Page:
Yuki-Onna – This is the tale of a ‘snow woman’ (yuki-onna) whose icy breath freezes her victims to death. In the classic tale, she comes across two woodcutters and spares one.
Kintarō – The tale of ‘golden boy’ with great strength and the ability to talk to animals, Kintaro is usually depicted as a sumo sized child who wears only a red bib with the kanji character for gold, holding a hatchet for a weapon and carrying a fish, normally a huge carp (one of his animal friends) under his arm.
- Urashima Tarō, who visited the bottom of the sea – In this story, a fisherman who saves a sea turtle’s life is transported to an underwater kingdom where he lives with a dragon princess. However, when he returns home, he discovers three hundred years have passed and everyone he knew has gone. His true age was locked in a box by the dragon princess, but when he opens it, he ages immediately and dies.
Even outside of its folktales, Japan has a long and rich literary history and is even credited with the world’s first novel, The Tale of Genji, which was written by a Japanese noblewoman in the 11th Century. Today, Japan boasts a number of well-known contemporary authors, including Kawabata Yasunari and Oe Kenzaburo, who have both won the Nobel Prize for Literature, but perhaps the most famous is Haruki Murakami, who became a global literary sensation following the worldwide success of his novel, Norwegian Wood, in 1987. You can read all about the history and tradition of Japanese literature and where to go to experience contemporary literary attractions in A Literary Tour of Japan.
Legends of Tono
For more than 100 years, the rural town of Tono in Iwate Prefecture has had a reputation as being Japan’s ‘City of Folklore’. This was largely because of the publication of a book in 1910 entitled Legends of Tono by renowned folklorist Yanagita Kunio, which brought together many of the spoken word folktales that had surrounded the village for centuries.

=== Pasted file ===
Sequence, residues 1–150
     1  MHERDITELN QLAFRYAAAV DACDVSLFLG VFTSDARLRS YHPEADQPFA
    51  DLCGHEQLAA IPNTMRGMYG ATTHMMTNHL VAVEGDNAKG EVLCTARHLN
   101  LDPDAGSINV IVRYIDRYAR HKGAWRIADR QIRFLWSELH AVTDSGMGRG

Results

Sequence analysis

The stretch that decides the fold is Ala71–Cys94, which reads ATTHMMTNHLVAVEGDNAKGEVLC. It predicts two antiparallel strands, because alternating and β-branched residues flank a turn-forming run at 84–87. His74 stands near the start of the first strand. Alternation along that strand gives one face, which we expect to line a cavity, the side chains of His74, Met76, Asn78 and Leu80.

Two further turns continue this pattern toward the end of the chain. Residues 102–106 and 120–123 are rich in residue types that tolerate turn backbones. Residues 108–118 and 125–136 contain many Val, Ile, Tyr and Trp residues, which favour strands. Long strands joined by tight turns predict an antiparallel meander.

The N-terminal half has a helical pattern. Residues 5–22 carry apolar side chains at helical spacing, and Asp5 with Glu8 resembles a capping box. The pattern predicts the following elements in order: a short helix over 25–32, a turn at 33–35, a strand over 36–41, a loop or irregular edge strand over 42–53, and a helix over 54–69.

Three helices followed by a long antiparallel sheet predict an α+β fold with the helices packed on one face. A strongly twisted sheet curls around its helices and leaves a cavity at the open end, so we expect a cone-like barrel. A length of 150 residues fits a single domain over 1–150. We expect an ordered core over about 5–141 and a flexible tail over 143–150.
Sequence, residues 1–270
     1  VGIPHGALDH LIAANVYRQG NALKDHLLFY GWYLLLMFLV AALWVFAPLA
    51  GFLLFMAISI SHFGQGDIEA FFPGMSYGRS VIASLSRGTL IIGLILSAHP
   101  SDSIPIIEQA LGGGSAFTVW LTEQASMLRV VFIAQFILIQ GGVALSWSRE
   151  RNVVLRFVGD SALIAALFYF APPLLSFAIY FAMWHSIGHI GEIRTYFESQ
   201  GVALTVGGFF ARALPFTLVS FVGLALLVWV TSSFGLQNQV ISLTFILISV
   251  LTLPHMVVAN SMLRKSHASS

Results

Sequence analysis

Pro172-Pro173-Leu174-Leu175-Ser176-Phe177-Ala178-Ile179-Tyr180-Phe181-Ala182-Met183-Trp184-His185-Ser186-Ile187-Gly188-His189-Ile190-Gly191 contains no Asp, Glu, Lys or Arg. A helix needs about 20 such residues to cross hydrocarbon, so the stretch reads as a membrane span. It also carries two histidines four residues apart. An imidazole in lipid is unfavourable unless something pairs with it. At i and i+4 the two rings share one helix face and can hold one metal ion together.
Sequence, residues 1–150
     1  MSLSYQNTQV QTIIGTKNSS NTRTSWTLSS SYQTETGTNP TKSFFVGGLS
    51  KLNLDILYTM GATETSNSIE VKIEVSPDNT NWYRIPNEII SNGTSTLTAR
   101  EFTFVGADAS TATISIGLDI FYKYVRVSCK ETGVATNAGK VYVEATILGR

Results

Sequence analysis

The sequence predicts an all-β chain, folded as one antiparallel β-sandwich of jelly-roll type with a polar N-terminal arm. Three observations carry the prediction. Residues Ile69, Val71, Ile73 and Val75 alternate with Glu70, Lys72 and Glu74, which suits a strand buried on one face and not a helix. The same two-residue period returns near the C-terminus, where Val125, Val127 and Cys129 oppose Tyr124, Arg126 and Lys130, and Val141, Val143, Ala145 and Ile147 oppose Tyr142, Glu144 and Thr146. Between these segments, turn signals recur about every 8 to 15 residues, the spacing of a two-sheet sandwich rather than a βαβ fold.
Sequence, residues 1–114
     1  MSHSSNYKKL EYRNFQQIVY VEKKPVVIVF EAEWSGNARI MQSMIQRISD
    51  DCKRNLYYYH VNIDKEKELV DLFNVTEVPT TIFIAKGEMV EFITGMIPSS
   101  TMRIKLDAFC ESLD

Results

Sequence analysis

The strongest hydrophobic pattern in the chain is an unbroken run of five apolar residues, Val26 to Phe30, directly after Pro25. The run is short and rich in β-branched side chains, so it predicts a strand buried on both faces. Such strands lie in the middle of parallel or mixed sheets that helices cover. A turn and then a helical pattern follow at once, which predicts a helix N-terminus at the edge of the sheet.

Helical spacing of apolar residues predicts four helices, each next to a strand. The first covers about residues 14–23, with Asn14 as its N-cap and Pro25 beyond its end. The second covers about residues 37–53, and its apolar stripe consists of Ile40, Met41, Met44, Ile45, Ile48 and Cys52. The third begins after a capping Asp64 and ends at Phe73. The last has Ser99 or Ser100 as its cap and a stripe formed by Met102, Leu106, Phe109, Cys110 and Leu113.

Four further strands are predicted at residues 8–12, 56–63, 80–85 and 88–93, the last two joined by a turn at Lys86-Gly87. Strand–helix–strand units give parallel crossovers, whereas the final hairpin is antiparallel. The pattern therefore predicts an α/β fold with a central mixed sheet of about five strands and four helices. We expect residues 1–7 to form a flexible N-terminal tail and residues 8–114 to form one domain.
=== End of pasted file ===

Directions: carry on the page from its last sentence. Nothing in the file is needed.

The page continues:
These stories largely focussed on a magical water sprite or imp known as a ‘kappa’, which looks like a turtle or frog and which was known to lurk around ponds, rivers and lakes. Parents would tell their children to stay away from the water because the kappa might get them.
Kappa were said to represent the dangers of the water and were sometimes threatening and mischievous, but they were also beloved. Today, there are many statues and carvings of kappa throughout Japan, but especially in Tono.
Legend has it that Jogen-ji Temple in Tono was once on fire and a kappa extinguished the flames using water from his head. You can visit Jogen-ji Temple, as well as a number of museums and other sites in Tono with a connection to its history of folklore, such as Kappabuchi, which is a small pool near the Jogen-ji Temple. This is believed to be the home of the town’s kappa, and you will often find visitors here waiting to spot one below the water. You can even hire a fishing rod with a cucumber on the end of the line (believed to be the kappa’s favourite food) which you can dangle over the water in the hope of luring one out. Adjacent to the pond is a shrine dedicated to kappa, where women pray for breast milk for their children.
As to be expected in the ‘city of folklore’, Tono has even more to offer for enthusiasts of myth and legend. Gohyaku Rakan is a series of moss-covered carvings, created to pacify the spirits of thousands of villagers who died in famines centuries ago, while the Tsuzukiishi Stone is a massive boulder said to have been placed by a legendary warrior monk called Benkai who had extraordinary strength. While in Tono, you can also visit Fukusenji Temple, a large Shingon Buddhist pagoda and shrine in the northeast of the village. Finally, no journey to the ‘city of folklore’ would be complete without a trip to Tono Folklore Village (Tono Furusato no Mura), which is a collection of traditional farmhouse buildings populated by local artisans and craftspeople. You can visit Tono by train using the Japan Rail Pass. To reach the tow from Tokyo, take the bullet train to Shin-Hanamaki Station before changing to a local train for Tono Station.